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Behind the Shot: Skiers Jump Over a Crevasse on Mount Hood

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Skier Tommy Ellingson flying off a jump on Oregon's Mount Hood; Photograph by Richard Hallman

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Photographer Richard Hallman and skier Tommy Ellingson work together year-round, often at Mount Hood. “In order to get more and more creative, we spend a lot of time climbing high on the mountain, going to very hard-to-reach places,” says Hallman. “I summited Mount Hood for the 50th time last year, and fittingly it was with Tommy. There is no other person who can fill that frame quite like Tommy. His passion and skill are unmatched on Mount Hood, or anywhere.”

Ellingson, Hallman, and skier Josh Larkin were working with warm conditions, and the group faced melting snow and widening crevasses. “The mountain was very precarious and extremely dangerous,” says Hallman, an experienced mountaineer and volunteer search-and-rescue team member.

Ellingson and Larkin had started working on the ski jump the day before the shoot. “That night, Tommy sent me a message to get up to the mountain the next day to shoot,” says Hallman. I was so exhausted, but when I saw an iPhone photo of what they were planning, I thought, OMG—what a couple nutty buddies.”

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Skier Josh Larkin launches over a jump on Mount Hood; Photograph by Richard Hallman

To get the shot, Hallman worked a few different angles on the treacherous mountainside. “The first couple jumps I shot from the uphill side. After that, I went around the other side and got a glimpse of what they were landing on—an A-frame house that looked like it could collapse at any moment,” he recalls.

Hallman photographed with a Canon EOS-1Dx and a f/4, 24-105mm lens.

Adventure: Tell us about the set up. You mentioned Tommy needed to make a pinpoint landing.

Richard Hallman: I shot the first couple jumps from the uphill side. I was really curious to get different angles. As an experienced mountaineer who works volunteer Search & Rescue, I love the challenge of shooting in extreme conditions. After the first couple jumps, I went around to the other side and got a glimpse of what they were landing on—basically, a cavernous A-frame house that looked like it could collapse at any moment. Down in the crevasse, you could see bus- and car-sized snow blocks parked on top of one another. In between the snow blocks, the blue color just got deeper and deeper until the blue faded to black. There would be no rappelling into the crevasse.

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Skier Josh Larkin does a speed check on Mount Hood; Photograph by Richard Hallman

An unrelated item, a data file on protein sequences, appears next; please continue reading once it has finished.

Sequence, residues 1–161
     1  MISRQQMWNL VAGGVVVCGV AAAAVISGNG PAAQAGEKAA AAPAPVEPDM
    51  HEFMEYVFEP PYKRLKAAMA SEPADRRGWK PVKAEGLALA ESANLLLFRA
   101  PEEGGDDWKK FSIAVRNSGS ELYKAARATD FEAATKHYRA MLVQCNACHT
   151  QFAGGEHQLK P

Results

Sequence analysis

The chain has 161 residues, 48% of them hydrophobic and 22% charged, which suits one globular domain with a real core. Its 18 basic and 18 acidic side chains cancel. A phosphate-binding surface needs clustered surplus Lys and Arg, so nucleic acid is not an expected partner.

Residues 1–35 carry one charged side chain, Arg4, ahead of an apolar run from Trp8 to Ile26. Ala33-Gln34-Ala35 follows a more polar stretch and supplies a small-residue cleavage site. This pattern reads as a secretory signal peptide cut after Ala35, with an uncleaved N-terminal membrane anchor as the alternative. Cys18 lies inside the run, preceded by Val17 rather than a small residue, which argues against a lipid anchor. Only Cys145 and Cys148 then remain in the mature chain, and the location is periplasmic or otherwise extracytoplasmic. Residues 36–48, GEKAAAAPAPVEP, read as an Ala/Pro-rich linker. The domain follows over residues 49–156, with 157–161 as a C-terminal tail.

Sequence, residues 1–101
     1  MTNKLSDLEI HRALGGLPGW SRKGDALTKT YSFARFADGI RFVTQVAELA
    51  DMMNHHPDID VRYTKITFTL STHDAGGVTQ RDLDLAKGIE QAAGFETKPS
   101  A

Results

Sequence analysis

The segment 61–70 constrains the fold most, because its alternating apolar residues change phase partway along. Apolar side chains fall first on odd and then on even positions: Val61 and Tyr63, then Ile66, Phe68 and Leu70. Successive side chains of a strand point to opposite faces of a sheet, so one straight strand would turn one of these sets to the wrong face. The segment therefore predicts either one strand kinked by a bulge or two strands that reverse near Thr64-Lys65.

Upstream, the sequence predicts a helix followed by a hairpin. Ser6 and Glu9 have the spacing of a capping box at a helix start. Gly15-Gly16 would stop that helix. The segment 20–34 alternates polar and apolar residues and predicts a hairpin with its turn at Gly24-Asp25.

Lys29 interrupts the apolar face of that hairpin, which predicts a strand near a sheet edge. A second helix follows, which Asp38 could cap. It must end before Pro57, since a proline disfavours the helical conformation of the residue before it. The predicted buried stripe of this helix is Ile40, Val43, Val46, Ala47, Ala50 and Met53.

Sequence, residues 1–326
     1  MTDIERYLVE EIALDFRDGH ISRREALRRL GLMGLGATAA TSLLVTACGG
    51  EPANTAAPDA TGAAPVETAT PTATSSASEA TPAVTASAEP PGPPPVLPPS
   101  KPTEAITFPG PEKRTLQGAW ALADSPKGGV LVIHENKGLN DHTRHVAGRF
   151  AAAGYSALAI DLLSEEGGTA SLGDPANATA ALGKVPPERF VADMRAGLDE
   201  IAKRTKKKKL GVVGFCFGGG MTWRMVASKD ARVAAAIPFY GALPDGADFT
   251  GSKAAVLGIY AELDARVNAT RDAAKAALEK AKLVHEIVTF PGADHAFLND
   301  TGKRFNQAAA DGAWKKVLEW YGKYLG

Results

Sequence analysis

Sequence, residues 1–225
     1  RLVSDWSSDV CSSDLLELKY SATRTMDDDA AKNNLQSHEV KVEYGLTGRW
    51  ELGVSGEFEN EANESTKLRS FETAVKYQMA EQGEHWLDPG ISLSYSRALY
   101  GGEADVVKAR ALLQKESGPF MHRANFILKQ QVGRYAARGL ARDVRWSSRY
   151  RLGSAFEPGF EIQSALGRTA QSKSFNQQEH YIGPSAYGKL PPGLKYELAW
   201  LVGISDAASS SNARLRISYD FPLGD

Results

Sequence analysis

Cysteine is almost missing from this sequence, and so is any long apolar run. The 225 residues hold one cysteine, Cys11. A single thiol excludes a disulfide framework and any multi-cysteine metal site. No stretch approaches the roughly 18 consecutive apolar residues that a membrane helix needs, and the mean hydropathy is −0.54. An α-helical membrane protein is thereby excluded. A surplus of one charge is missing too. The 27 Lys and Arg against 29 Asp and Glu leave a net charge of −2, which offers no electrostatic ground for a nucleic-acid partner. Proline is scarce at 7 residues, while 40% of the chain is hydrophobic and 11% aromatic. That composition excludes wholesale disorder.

A: How were conditions this day for skiing and for shooting?

R.H.: Conditions were warm, and we are at a point in the year where there is a lot of snow melt and the crevasses are opening up more and more. The mountain in these conditions is very precarious and extremely dangerous. I wish we had video footage of the bird landing on the lip of the jump, just after the guys finished building the lip. The bird looked both ways and took off, as if saying, “Looks good boys!”

A: How did you feel watching the skiers in the air about to land?

R.H.: The first time the guys hit the jump was nerve wracking. They painstakingly worked the in-run and did speed check. Tommy and Josh have worked together for a very long time on some very complicated jumps and are true professionals at what they do, taking a focused approach, all the while bouncing ideas and consequences off one another. It looked like a two-to-one step down over a gap of about 20-25 feet. The consequences of shorting the landing would most likely cause injury and yet having too much speed would result in over shooting the landing and putting them in danger of moving too quickly toward other crevasses below the landing.

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POV cam view from skier Tommy Ellingson; Photograph courtesy Tommy Ellingson

A: Were you shooting with remote cameras too?

R.H.: Multiple camera angles or remote cameras would definitely been helpful, but there was no time to study and set them up in such a constantly changing crazy environment. These features do not last. This time of year you may only have days before the sun and warm temperatures change the terrain. Which is really cool because Mother Nature gave us this tiny window to do something amazing here and it will never be recreated the same way again. So this grand maze of snow and ice is only preserved in these photos.

A: The scale of the mountain jutting out, against the scenic background adds drama. Why did you decide to shoot, from where you did? Was this the shot you wanted?

R.H.: Angles and perspective can be everything. The shot looking out over the Cascades with the crevasses, Mount Jefferson, and Timberline Lodge, really give it a big mountain perspective. I have some other ideas for angles, but you’ll just have to stay tuned for next time….

See more of Richard Hallman’s photography on his website